“AP obtained the quotes through an email conversation it initiated from a page for Francis on the social network LinkedIn. After the story was published, Francis called the AP to say that the LinkedIn account belonged to an impostor, and that he himself had made no comments to AP about Johnson. Francis said he had contacted LinkedIn and that the company eliminated the account.
“LinkedIn confirmed to the AP that it had eliminated the account but declined to discuss why it did so or whether it had evidence the account was fraudulent.”
Read more here.
by Chris Roush
The Associated Press will launch a series exploring changes wrought by the Great Recession with reports documenting the downturn’s profound impact on jobs that support a broad middle class in the United States, Europe and other developed countries.
The series, “The Great Reset,” will begin with stories appearing from Jan. 23 to Jan. 25. Five additional installments will run about six weeks apart into the fall.
The main reporters on the series are Paul Wiseman out of Washington and Bernard Condon out of New York.
“They came back with a startling story,” said Hal Ritter, the AP business editor, in a phone interview with Talking Biz News. “Most of the jobs lost were middle class jobs. They found that since the recovery began three and a half years ago, no middle class jobs have come back. And this is true in developed countries around the world.”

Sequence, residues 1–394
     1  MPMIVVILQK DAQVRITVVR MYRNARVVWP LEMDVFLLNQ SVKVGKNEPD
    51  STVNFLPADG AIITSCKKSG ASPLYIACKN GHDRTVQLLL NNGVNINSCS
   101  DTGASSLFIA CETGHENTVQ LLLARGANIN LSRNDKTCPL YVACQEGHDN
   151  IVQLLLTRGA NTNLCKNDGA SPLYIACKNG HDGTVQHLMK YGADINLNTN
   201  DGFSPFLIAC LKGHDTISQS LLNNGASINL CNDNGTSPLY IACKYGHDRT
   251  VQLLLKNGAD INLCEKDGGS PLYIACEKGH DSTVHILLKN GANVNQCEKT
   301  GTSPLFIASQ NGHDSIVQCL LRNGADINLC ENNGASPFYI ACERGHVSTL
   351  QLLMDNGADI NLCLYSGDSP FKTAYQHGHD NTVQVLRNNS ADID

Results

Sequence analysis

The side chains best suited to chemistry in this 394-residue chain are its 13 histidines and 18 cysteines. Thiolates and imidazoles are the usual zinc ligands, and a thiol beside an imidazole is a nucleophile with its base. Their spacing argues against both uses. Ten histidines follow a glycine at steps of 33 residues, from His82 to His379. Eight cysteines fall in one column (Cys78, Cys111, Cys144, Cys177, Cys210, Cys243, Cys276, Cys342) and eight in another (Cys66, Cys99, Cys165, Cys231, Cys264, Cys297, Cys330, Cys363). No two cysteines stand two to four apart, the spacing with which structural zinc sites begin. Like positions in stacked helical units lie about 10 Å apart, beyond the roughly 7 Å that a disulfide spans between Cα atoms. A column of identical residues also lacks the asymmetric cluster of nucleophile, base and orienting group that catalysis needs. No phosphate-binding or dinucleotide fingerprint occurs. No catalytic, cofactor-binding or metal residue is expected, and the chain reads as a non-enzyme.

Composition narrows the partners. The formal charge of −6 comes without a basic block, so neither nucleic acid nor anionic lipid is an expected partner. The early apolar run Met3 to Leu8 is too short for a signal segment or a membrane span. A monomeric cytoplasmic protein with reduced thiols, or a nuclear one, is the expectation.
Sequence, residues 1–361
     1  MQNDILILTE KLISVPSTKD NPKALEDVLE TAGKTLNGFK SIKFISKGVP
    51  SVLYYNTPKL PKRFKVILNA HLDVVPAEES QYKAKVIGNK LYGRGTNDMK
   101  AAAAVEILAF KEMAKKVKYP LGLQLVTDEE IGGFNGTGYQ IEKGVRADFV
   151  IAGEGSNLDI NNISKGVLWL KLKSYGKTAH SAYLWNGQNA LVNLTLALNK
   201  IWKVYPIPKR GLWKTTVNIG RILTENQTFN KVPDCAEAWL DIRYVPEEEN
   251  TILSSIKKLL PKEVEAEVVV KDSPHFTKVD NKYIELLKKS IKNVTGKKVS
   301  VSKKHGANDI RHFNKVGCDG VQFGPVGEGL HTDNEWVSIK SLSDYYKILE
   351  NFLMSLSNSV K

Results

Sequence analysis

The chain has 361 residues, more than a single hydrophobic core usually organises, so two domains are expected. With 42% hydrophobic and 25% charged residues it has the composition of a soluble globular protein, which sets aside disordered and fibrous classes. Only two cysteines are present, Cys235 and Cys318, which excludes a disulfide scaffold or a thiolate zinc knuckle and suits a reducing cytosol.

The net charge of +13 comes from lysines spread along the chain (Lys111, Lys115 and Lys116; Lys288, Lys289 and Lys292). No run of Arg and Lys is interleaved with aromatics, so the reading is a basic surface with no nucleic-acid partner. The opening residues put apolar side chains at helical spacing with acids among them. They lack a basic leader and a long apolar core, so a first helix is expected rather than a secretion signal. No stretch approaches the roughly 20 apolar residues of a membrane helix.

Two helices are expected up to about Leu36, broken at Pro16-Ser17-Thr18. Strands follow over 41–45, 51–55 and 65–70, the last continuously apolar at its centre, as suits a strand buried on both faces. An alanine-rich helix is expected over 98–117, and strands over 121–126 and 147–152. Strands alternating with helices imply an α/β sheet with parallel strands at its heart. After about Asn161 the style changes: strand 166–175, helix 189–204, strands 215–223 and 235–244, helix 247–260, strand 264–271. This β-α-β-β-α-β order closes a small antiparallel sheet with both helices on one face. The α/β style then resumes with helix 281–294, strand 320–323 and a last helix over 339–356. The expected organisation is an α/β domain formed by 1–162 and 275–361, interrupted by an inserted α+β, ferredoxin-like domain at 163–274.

Technology — specifically powerful software that runs computers and an array of machines and devices — is eliminating the need for many jobs throughout companies and across industries, according to the AP report.
“Bernard and Paul have been working at it full time for three month,” said Ritter. “They started out looking broadly, and then they got narrower and narrower. They have reported it globally. We have pulled in staffers from Europe and Asia. It’s ambitious, but certainly there is no better opportunity in our careers. What bigger event has there been than the financial crisis and The Great Recession?”
“The Great Reset” will include photos, AP interactives and video elements. The series will be available on AP Mobile in the “Big Stories” section. More stories will run later in the year, Ritter said.
In addition, AP’s initial reports on the hollowing out of middle-class jobs will fuel discussion during the annual AP Davos Debate, on Jan. 25 at the World Economic Forum in Davos, Switzerland. Moderator of the session, titled “Creating Economic Dynamism,” will be AP Senior Managing Editor for U.S. News Mike Oreskes.
by Chris Roush
Associated Press business editor Hal Ritter sent out the following staff announcement:
It’s with much sadness that I report that Erin McClam is leaving us for a job as a writer at NBCNews.com.